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there is always something (why I shoot film)

There are maybe ten shots left on the roll. Outside the metro, a collection of pigeons sit on minuscule ledges above two old men. They talk as all old men do, with operatic waves of their hands, sour expressions, belly laughs, eventually scratching their chins as they stare off at nothing in particular. I am pretending to take pictures of something near them, then swing across when they are not looking to shoot a few frames. At one point I surrender to the afternoon and move on.

And now, the courtyard that leads to the film lab. A great old building rests here, a school of architecture where students mill around dressed in black sucking on cigarettes with giant portfolios tucked under their arms. A young man approaches me. I am ready to tell him I have no idea what he is saying, but he wants to know where the film lab is. I jut my chin, telling him the door is just beyond a few bushes. He nods his thanks.

There are screens set up in a jagged line, sheathed in filthy white plastic to …

no disguise


It wasn't something I had planned on, it just began one Saturday afternoon. Maybe keeping a 100 year old guitar within reach is all it takes, and there is nothing so remarkable or surprising after that happens. There is a sound that comes from it, not just the jangle and the clang of wild strumming - but of lost history, of stories that smell like old books in an attic. There is ancient dust in the cracks of this guitar and I get lost in it. As if birds are flying into the windows, the songs splash out one at a time, each one sadder and lonelier and more full of regret than the next. They are confessions, apologies, conversations with lost souls. I cannot say I write them as much as witness them.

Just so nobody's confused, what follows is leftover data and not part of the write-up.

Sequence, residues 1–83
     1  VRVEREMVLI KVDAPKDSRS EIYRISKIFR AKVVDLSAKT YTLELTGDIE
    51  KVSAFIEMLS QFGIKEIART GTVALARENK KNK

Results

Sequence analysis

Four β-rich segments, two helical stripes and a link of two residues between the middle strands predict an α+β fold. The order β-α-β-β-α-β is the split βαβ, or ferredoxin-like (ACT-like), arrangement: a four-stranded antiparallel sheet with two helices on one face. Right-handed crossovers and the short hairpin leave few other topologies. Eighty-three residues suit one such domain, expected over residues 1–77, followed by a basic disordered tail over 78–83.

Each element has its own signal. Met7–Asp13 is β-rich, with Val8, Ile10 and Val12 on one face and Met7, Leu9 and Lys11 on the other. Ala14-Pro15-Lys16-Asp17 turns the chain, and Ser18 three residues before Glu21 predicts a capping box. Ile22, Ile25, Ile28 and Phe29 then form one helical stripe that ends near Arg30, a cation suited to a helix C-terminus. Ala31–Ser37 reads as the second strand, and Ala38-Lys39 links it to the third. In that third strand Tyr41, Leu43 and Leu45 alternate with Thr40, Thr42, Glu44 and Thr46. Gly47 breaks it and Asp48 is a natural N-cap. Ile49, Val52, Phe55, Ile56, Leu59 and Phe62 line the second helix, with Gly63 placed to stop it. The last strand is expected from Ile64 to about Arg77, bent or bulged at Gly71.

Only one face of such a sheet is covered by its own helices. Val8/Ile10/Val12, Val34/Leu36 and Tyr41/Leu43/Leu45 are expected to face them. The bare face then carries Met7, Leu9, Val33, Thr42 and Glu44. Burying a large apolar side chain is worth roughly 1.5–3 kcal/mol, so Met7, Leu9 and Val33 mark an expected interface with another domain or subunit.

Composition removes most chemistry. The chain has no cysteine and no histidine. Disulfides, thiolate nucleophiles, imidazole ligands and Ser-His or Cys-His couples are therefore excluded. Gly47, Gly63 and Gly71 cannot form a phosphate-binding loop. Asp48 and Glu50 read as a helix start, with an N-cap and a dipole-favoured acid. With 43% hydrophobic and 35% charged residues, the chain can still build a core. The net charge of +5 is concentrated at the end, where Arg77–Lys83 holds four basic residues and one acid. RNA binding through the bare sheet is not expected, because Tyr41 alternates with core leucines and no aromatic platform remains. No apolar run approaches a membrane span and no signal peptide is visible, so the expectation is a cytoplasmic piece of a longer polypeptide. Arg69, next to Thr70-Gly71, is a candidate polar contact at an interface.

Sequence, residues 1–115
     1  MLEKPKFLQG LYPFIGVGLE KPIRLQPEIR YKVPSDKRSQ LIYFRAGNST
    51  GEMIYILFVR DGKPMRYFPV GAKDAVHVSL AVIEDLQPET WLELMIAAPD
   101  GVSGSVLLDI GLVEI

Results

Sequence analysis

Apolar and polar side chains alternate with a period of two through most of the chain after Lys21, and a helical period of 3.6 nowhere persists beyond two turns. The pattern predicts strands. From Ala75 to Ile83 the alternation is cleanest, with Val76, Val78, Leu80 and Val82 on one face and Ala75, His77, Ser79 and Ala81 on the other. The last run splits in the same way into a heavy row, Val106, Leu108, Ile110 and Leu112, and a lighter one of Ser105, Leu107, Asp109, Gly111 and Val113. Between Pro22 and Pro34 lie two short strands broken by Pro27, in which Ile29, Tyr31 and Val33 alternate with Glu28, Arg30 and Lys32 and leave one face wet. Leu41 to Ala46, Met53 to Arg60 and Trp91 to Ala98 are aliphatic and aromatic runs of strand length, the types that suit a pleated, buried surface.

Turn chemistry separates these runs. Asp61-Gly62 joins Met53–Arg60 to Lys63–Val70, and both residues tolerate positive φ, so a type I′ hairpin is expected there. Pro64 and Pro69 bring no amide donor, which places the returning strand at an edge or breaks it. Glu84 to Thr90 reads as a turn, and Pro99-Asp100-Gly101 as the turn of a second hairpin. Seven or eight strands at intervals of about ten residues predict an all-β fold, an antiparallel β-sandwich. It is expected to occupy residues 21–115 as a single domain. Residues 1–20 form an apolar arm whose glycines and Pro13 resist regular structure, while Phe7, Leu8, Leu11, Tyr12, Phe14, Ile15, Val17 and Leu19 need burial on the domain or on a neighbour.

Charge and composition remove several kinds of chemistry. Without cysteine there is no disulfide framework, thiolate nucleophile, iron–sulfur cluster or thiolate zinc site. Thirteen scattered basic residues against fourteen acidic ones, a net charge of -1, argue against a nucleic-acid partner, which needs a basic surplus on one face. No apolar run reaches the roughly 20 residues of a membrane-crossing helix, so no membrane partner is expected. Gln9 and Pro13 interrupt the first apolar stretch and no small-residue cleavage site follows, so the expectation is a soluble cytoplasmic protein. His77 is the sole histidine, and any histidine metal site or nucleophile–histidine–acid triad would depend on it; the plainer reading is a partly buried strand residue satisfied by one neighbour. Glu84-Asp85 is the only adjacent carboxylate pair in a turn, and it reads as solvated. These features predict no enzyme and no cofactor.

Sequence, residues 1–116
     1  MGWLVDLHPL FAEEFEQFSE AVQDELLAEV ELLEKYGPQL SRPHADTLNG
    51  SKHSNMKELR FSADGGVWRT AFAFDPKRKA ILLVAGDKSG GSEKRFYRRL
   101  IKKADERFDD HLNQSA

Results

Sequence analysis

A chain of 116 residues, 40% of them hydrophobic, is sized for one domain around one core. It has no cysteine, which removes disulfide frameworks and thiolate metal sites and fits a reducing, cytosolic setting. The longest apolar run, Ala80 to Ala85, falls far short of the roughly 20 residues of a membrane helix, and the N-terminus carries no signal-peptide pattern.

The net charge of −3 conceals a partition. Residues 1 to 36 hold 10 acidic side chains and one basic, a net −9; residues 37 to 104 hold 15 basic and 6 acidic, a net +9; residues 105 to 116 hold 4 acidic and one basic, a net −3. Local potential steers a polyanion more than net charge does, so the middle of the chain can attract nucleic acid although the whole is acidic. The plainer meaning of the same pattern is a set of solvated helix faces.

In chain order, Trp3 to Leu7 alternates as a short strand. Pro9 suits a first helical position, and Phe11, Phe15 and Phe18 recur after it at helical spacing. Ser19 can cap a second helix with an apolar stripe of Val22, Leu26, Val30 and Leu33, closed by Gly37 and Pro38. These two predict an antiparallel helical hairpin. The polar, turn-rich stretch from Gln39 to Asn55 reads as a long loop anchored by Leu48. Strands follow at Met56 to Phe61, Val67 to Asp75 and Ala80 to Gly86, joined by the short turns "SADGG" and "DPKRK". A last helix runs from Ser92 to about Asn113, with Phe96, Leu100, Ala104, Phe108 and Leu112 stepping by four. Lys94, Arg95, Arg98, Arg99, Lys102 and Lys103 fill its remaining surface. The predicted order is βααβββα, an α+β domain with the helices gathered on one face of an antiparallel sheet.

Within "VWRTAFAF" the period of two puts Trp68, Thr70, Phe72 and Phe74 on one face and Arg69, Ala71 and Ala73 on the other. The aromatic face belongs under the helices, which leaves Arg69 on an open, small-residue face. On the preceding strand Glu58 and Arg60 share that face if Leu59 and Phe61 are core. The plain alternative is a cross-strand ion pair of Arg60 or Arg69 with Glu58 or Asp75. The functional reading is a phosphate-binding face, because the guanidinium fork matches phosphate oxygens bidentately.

Don't know if I'm good or bad, 
                     just what you tell me.
                     She had a gift for taking things away
                     so please tell me, some precious things.
                     Like when I was a boy, 
                     when I was the new kid.


I am calling this almost-album "a box of letters" right now, but I am sure there is a better name that will replace that. I have demos of nine songs, all recorded within minutes of writing them. I stop sometimes, editing the words, starting again. I put the songs in different sequences to listen to while riding the trolley bus in the afternoon to go to the big market where there is fish and secret imported cheese, wild honey and chopsticks. There is something so foreign about my voice in the headphones, and I barely recognize it. The guitar, that is another story. It can never disguise itself.

Some songs go, and new ones replace them. I toy with some spoken word sections, literally reading letters to old girlfriends written by imaginary men, but then I put those aside. They sound more like a radio play to me now, even with murky instruments bubbling behind them like brain soup. 

The last song in the lineup plays, and then there is silence. I stare at the old people on the bus, a woman with her head wrapped in a scarf stepping into the bright afternoon. It all feels so incredibly overwhelming, and I did not see that coming.

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